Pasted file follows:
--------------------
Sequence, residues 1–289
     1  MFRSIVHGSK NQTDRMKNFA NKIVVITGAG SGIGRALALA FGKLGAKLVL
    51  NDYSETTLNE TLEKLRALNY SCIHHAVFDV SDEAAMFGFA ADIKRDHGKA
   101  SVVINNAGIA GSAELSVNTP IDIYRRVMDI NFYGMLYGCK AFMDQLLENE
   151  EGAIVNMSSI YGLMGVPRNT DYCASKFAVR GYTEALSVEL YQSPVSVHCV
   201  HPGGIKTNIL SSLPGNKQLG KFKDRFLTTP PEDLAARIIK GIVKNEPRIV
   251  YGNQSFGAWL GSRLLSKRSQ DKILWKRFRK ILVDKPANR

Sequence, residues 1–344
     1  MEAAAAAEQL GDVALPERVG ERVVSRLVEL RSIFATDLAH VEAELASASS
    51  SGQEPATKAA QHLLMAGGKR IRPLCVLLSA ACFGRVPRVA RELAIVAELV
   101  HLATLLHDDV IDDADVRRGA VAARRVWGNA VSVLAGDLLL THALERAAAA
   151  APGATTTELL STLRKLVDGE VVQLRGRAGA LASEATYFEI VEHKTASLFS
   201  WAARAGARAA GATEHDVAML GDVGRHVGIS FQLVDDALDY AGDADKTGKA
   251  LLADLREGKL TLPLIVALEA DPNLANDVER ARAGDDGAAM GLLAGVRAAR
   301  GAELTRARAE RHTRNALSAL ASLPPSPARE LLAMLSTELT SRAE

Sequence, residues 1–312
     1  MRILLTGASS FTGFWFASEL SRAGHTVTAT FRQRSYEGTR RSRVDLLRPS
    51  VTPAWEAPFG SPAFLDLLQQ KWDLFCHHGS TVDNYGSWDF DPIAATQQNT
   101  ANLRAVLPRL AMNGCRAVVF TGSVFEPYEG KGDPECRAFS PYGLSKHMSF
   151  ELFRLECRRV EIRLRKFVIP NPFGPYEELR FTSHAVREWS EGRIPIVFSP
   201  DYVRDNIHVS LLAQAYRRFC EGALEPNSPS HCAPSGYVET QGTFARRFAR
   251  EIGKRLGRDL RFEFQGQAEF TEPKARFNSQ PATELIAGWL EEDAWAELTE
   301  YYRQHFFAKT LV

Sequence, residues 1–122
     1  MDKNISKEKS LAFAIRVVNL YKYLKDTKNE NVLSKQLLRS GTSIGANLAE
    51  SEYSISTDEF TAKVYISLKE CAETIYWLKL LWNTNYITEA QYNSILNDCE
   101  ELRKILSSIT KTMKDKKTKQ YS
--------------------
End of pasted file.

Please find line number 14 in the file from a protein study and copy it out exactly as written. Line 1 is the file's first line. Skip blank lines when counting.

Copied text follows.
   251  LLADLREGKL TLPLIVALEA DPNLANDVER ARAGDDGAAM GLLAGVRAAR